Food standards needed
KINGSTON, Jamaica, Thursday August 25, 2011 – Industry, Investment and Commerce Minister Dr. Christopher Tufton has stressed the need for small island developing nations, such as Jamaica and its Caribbean neighbours, to establish standards, particularly in relation to food, to ensure their competitiveness in the global marketplace, as well as to safeguard the health and safety of consumers locally and overseas.
Speaking at a reception for delegates participating in a three-day Food and Agriculture Organisation (FAO)/Bureau of Standards Jamaica (BSJ) CODEX workshop, Dr. Tufton cited challenges which small developing countries and, in some cases, their larger counterparts encounter in efforts to integrate their economies into the wider network of external markets.
He pointed out that, increasingly, the wider marketplace is becoming networked and interlinked, requiring rules, as opposed to convention, to determine how competitive territories such as Jamaica are and how they can be advantageously positioned within the global context.
It is for these reasons, he said, that CODEX was established.The Codex Alimentarius Commission was created in 1963 by the FAO and WHO to develop food standards and guidelines, such as codes of practise under the Joint FAO/WHO Food Standards Programme.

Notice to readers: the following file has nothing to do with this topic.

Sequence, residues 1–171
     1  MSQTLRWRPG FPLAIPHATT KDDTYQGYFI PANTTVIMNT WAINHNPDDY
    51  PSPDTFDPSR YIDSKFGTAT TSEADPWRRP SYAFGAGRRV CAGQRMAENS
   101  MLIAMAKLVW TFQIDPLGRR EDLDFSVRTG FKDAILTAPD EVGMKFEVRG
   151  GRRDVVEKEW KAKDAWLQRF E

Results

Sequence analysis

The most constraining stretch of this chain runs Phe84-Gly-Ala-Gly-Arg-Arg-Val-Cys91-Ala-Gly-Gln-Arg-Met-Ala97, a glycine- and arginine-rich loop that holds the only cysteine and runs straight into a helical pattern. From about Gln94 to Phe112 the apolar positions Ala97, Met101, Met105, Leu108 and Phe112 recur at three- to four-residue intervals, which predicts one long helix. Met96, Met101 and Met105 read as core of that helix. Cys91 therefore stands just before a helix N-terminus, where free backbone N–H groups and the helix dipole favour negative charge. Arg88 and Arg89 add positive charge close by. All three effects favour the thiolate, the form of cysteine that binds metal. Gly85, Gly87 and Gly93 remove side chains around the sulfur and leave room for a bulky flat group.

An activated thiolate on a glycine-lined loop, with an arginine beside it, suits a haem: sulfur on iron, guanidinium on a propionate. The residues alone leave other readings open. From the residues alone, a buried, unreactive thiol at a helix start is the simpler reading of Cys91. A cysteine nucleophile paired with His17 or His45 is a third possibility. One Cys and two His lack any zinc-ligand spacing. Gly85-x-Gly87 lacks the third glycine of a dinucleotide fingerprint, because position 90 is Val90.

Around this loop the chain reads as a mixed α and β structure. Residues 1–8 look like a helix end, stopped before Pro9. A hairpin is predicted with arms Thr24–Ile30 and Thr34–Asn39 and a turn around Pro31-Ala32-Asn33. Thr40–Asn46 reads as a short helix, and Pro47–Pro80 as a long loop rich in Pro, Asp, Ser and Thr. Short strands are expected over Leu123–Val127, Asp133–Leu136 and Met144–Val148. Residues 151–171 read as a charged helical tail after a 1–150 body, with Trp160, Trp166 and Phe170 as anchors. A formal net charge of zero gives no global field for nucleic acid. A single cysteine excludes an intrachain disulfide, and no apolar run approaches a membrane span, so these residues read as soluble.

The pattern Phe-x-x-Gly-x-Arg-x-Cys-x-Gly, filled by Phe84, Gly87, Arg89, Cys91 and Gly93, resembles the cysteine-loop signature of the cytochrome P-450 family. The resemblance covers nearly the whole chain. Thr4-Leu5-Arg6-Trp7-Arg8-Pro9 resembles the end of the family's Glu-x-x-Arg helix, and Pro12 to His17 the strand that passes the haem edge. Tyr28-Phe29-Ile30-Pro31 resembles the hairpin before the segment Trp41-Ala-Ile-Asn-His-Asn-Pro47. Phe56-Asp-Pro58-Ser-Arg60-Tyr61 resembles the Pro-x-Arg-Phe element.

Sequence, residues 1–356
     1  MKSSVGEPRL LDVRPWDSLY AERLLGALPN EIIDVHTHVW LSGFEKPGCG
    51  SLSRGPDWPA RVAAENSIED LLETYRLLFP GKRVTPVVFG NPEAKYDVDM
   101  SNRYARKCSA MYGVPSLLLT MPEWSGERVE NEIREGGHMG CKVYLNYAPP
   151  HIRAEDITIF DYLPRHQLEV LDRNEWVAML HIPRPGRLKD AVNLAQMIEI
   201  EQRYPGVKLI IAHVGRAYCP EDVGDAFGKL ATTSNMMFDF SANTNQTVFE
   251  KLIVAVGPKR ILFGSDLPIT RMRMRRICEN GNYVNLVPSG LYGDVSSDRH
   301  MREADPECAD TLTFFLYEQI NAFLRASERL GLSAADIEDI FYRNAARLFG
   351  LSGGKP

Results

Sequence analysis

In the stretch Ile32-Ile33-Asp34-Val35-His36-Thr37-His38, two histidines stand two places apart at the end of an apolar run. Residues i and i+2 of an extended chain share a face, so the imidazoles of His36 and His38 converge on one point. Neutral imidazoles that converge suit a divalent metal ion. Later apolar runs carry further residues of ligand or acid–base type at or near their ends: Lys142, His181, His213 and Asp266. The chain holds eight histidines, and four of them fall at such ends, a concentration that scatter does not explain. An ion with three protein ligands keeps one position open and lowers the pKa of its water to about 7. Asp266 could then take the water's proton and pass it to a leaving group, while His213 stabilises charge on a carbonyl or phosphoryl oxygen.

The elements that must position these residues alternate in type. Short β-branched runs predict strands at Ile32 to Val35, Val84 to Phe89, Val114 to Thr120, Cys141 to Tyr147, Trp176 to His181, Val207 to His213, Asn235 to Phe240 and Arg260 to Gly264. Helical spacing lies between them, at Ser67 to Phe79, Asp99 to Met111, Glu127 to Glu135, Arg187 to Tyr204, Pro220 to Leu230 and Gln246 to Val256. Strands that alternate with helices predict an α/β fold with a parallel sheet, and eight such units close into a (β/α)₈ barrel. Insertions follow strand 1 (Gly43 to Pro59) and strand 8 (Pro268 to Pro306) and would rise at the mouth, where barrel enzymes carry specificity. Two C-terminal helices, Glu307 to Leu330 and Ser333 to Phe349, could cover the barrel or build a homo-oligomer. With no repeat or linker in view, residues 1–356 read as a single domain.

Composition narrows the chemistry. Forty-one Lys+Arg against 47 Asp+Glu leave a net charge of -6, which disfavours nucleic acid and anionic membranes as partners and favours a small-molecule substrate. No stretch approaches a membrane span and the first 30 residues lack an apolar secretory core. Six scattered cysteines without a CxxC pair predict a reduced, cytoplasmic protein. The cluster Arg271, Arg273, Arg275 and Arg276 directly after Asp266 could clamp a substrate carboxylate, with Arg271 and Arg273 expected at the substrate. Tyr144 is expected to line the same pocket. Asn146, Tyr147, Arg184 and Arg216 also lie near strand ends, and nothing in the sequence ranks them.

The main purposes of this programme are to: protect the health of consumers; ensure fair trade practices in the food trade; and promote co-ordination of all food standards work undertaken by international governmental and non-governmental organisations.
“This is why the awareness of the need to establish standards and promote standards is so critical, and it is why we need training sessions, seminars, functions of this type, in order to promote, not just awareness, but to promote the establishment and the maintenance of these standards,” the Minister explained.
Against this background, Dr. Tufton underscored the need for much work to be undertaken in Jamaica, and other Caribbean territories to establish the requisite standards, which will enhance their positions globally.
“We have not, I think, sufficiently recognised the need of establishing these standards, and implementing these standards, and getting the certification that is required in order to position ourselves in the marketplace. It is something that I encourage, that the Government encourages,” he said.
Over 35 delegates from 13 English-speaking Caribbean states, including Jamaica, are participating in the three-day workshop, which began on Tuesday.